I am usually reading a few books at once. And what seems to happen recently is that two books that I pick up share similar ideas, which in turn jumps out at me as I am seeing the same message from two different authors.

I am reading Mark Manson’s The Subtle Art of Not Giving a F*ck where he says about the 1960s, “Many researchers and policymakers at the time came to believe that raising a population’s self-esteem could lead to some tangible social benefits: lower crime, better academic records, greater employment, lower budget deficits. As a result, beginning in the next decade, the 1970s, self-esteem practices began to be taught to parents, emphasized by therapists, politicians, and teachers, and instituted into educational policy. Grade inflation, for example, was implemented to make low-achieving kids feel better about their lack of achievement. Participation awards and bogus trophies were invented for any number of mundane and expected activities.”

Self-esteem became the answer.

In his book The Extraordinary Gift of Being Ordinary, Dr. Ronald D. Siegel writes, “In one of the largest surveys of its type, the Pew Center for People and the Press reached out to hundreds of young adults, asking millennials, who were raised when the self-esteem movement took off, about their generation’s goals in life. The results, and the contrast with the generation before (in parentheses), were striking: 81% (vs. 62%) said they wanted to get rich; 51% (vs. 29%) to be famous; but only 10% (vs. 33%) said they wanted to become more spiritual. The big increases belong to self-esteem boosts.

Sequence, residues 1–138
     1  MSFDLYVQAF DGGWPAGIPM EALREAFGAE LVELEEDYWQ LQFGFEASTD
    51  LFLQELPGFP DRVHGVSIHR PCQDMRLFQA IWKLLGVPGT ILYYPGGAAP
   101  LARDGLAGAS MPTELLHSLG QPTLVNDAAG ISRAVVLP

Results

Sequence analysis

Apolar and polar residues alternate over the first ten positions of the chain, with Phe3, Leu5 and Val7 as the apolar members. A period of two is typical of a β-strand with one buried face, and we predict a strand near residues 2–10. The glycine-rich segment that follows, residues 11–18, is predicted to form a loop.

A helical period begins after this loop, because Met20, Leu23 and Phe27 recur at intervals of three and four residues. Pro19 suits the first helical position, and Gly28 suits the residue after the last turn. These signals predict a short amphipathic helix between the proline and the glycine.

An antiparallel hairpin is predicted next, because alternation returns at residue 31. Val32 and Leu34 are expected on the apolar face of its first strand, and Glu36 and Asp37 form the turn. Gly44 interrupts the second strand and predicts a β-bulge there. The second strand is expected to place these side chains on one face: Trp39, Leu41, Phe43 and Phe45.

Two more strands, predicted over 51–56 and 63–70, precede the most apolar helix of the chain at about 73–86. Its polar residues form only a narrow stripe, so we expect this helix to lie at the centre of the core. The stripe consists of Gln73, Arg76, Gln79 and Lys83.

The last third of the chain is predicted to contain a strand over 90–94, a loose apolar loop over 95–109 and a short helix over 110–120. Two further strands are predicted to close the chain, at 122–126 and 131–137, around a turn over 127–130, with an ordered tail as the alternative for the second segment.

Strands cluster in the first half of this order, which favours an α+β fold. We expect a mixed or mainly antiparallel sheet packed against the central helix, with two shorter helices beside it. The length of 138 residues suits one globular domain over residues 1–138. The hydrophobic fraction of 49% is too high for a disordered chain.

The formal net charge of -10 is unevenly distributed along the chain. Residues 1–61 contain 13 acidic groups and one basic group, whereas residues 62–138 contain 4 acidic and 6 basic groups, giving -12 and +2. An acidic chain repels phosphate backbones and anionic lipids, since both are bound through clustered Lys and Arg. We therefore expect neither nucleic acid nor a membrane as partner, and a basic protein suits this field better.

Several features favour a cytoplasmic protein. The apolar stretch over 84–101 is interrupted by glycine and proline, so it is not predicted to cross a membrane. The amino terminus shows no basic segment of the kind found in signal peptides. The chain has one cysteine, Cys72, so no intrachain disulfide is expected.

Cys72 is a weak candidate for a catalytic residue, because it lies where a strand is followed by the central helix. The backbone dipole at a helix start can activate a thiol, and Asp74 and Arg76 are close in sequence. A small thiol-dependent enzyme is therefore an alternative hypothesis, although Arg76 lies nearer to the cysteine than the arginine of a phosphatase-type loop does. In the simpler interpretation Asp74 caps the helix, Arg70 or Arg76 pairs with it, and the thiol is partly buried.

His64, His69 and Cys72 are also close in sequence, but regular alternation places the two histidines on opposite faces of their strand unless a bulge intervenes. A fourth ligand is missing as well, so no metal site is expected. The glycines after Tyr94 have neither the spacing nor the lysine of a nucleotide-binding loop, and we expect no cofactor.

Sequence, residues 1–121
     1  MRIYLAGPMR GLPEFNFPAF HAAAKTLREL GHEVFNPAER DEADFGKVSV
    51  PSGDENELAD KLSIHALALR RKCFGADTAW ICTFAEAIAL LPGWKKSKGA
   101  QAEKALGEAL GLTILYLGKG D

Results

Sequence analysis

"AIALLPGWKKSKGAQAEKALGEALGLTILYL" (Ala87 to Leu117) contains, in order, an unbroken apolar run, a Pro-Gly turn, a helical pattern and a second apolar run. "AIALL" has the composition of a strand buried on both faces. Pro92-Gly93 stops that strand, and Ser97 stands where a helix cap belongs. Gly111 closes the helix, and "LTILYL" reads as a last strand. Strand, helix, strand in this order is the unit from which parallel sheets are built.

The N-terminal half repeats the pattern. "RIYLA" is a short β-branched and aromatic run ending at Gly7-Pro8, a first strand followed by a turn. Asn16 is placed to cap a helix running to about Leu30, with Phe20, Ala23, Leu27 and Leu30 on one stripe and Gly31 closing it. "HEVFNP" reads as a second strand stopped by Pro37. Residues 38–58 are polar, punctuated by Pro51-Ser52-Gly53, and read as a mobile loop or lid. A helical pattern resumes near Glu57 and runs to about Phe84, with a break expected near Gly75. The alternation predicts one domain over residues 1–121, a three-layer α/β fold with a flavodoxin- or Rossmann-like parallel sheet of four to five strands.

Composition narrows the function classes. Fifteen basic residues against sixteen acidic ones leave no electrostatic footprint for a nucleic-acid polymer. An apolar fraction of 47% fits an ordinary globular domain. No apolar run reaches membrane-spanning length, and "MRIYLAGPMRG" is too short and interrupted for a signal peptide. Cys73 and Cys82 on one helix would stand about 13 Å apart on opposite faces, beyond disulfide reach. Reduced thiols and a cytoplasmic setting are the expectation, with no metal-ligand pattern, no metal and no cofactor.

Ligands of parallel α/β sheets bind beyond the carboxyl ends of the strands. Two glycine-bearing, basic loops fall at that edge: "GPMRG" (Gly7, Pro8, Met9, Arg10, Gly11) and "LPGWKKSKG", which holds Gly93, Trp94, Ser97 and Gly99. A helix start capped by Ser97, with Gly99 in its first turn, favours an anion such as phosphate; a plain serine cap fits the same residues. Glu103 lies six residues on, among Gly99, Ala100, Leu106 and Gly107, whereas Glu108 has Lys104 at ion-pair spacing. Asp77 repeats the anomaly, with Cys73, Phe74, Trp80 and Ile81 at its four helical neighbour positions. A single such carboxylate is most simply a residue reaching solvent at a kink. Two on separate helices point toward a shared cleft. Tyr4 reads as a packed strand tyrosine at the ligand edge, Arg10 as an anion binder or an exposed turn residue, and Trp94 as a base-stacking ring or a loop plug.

At the same time that our goals have shifted toward wealth, fame and external appearances, our opinions of ourselves have skyrocketed. This is the Lake Wobegon effect on steroids. In 1951, only 12% of 14- to 16-year-olds agreed with the statement “I am an important person.” By 1989, 80% did. In 2012, 58% of high school students expected to go to graduate or professional school — twice the number in 1976. Yet the actual number attending remained unchanged at 9%. A full two-thirds of high school students expect themselves to be in the top 20% in job performance. Clearly a lot of people are going to be disappointed.”

Because most of us are ordinary which is absolutely fine. But we have been trained to think we are extraordinary just for showing up. And what do those expectations do to us when we don’t get the job, or the promotion or the school acceptance?

Manson explains, “The rare people who do become truly exceptional at something do so not because they believe they’re exceptional. On the contrary, they become amazing because they’re obsessed with improvement. And that obsession with improvement stems from an unerring belief that they are, in fact, not that great at all. It’s anti-entitlement. People who become great at something become great because they understand that they’re not already great — they are mediocre, they are average — and that they could be so much better.”

What are we doing to become better? What lifelong learning goals are on the list for us? What excites us so much that we want to learn about it early in the morning or late at night? What are we reading outside of our 9 to 5 job and how is that growing our brain? The world doesn’t owe us anything. But we owe it to ourselves to feed our mind and soul with what it takes to be our very best.